Sexual Misconduct Charges Against Texas Teacher Dismissed

The Collin County District Attorney’s Office dismissed felony charges against a Texas high school teacher accused of sexual misconduct with an underage female student after a grand jury failed to return an indictment. Even though jurors decided not to indict on Friday, March 18, the former government and economics teacher will likely never teach again.

Breitbart Texas reported on Darrell Glenn Whitten, 51, (pictured on right in photo above) one of two Melissa High School teachers taken into custody and charged with having an improper relationship with the same 16-year-old student in late August 2015. Whitten faced one count of indecency with a child and one count of improper relationship between educator and student for allegedly kissing and fondling a 16-year-old student at Melissa High School. These accusations surfaced against the economics and government teacher while he was employed at the school, located approximately 40 miles north of downtown Dallas.

The unidentified underage girl accused Whitten of kissing her on the side of the neck in December 2014 and then again several months later at a band competition. She said he rubbed his genitalia on her leg in one incident. Whitten, resigned from the district and turned himself into Collin County authorities. He was released shortly thereafter on bail.

The allegations against Whitten actually surfaced during the investigation into another teacher on campus, Melissa High School Band Director, Michael Eugene Reddell, 39, who was arrested days before Whitten. Authorities charged Reddell with crossing the line in an inappropriate teacher-student relationship with the same teenage girl at the same time.

The purported female high school victim told police she confided in Whitten about another “teacher’s inappropriate behavior” and that she was feeling depressed, even having “suicidal thoughts” over it. According to the court records, the teenage student told Whitten that if she “were ever to come up missing to call the police or to talk to her friend.” Because Whitten never reported whatever he may have known about Reddell’s improper relationship to authorities who could have helped the girl, he faced a failure to report child abuse misdemeanor.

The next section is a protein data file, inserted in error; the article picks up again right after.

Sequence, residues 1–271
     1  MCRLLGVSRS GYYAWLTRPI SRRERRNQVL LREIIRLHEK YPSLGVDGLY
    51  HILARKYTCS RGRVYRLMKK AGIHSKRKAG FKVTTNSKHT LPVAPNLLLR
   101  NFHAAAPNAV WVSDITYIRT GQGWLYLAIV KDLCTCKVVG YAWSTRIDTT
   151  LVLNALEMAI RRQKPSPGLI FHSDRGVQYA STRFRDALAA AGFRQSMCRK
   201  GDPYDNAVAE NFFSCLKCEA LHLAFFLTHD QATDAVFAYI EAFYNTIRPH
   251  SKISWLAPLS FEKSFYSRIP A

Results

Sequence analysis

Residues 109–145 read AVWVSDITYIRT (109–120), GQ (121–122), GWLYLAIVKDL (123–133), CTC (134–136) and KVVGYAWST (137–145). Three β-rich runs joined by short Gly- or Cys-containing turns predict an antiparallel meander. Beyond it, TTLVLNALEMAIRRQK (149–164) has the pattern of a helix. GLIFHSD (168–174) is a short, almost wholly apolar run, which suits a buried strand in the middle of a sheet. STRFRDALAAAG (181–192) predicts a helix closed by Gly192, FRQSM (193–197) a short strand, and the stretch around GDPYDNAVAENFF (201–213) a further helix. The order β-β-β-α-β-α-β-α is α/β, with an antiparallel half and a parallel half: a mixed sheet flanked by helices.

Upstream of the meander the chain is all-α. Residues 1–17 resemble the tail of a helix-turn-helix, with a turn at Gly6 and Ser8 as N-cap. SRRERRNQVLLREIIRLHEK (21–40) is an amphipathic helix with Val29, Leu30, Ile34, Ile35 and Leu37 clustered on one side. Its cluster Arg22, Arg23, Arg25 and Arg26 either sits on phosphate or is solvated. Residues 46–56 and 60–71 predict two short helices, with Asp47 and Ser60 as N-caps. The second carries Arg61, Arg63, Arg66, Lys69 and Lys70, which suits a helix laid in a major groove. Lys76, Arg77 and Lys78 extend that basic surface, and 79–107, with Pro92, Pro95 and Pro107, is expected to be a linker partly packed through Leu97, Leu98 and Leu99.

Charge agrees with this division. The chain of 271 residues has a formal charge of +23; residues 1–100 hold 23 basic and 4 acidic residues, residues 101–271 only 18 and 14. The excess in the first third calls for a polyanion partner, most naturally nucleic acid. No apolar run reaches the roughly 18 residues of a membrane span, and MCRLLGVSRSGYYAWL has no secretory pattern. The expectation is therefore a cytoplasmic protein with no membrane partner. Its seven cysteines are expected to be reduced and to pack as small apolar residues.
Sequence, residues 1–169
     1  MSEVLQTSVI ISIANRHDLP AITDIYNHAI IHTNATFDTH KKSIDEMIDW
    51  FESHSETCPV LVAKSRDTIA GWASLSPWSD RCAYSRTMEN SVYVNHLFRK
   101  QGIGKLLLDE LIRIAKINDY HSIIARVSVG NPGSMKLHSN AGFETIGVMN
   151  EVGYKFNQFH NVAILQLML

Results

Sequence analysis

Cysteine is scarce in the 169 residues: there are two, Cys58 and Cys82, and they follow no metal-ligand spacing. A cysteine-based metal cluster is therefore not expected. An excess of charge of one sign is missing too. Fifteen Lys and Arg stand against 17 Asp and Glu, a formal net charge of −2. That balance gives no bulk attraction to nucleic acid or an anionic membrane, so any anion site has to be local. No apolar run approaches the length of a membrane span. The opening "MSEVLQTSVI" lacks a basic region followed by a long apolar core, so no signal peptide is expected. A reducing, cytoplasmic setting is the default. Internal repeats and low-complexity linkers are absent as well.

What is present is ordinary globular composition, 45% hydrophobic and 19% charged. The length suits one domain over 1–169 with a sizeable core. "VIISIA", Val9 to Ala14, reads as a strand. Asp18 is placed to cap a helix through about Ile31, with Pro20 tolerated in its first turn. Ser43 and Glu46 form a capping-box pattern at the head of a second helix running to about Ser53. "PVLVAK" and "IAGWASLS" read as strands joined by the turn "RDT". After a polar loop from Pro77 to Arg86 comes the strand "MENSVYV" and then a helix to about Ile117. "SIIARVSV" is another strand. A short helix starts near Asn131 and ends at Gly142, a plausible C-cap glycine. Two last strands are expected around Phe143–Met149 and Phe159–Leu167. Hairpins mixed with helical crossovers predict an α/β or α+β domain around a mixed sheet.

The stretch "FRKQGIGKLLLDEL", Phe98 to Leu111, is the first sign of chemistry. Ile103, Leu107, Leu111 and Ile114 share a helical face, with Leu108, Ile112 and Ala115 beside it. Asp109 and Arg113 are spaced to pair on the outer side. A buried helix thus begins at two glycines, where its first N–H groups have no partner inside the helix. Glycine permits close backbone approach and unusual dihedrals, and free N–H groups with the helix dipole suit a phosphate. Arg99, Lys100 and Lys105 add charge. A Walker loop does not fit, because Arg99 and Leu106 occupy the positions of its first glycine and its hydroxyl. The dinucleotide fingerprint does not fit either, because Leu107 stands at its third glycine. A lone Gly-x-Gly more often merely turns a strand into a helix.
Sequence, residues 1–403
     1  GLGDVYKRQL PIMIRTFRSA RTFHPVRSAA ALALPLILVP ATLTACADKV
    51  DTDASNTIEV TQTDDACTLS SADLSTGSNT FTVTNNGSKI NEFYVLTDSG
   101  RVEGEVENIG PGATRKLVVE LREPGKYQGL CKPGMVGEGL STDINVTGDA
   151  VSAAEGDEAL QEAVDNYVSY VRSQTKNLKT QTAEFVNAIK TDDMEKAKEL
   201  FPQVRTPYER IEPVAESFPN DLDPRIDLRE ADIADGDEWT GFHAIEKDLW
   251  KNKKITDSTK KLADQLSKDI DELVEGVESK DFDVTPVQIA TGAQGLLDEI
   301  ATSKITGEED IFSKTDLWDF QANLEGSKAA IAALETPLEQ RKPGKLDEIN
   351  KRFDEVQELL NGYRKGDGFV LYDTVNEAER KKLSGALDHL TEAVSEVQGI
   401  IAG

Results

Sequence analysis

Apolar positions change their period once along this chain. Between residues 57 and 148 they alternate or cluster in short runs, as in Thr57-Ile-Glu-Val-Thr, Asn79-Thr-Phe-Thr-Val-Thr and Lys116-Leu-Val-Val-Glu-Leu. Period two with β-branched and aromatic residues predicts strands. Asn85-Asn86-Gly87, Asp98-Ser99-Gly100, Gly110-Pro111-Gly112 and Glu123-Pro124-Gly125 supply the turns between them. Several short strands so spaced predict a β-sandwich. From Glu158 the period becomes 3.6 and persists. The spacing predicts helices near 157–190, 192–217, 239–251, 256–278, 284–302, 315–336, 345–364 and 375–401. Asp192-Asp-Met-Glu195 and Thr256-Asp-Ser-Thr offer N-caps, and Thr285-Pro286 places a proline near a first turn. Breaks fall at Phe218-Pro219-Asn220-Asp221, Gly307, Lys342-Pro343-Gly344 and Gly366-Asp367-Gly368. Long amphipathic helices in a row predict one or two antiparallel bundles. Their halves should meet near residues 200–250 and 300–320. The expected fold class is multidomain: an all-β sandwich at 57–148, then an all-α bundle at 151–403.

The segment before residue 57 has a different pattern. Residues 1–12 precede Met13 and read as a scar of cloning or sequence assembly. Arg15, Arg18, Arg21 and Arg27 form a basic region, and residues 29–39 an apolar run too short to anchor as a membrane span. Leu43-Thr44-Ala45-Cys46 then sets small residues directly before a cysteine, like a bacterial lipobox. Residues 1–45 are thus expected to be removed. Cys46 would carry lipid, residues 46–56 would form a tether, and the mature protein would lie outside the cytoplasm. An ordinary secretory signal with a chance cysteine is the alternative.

In February, another Collin County grand jury indicted Reddell on two counts of improper relationship between and educator and a student, one count of sexual assault by a child, and five counts of indecency with a child by sexual contact, all second-degree felonies that carry up two to 20 years in prison, if convicted. Reddell confessed to having the inappropriate teacher-student sexual relationship which started, it said in his arrest warrant, with texting. He wrote a letter of apology to the girl.

Prior to the grand jury’s decision to no-bill the case against Whitten on March 18, clearing him of those felony charges, the Collin County district attorney’s office refused Whitten’s misdemeanor last year, the Dallas Morning News reported.

“A no-bill by a grand jury is a pretty powerful statement,” said Whitten’s attorney Alan Taggart. He called the case a sad state of affairs, according to the Dallas newspaper. “Obviously there was a mistake made, and we’ve done what we can to fix it,” he stated. “We hope that everybody gets on with their lives as best anybody can. The after-effects are going to stick with Glenn’s family for a while.”

Taggart also commented that Whitten would likely never teach again. He taught at Melissa ISD since 2006.

Grand jury deliberations are kept secret. Even Whitten’s lawyer did not know what information the jurors considered in making their decision, but whatever it was, though, it was enough to determine there was no probable cause to proceed with a criminal case, Taggart added.

Follow Merrill Hope on Twitter @OutOfTheBoxMom.


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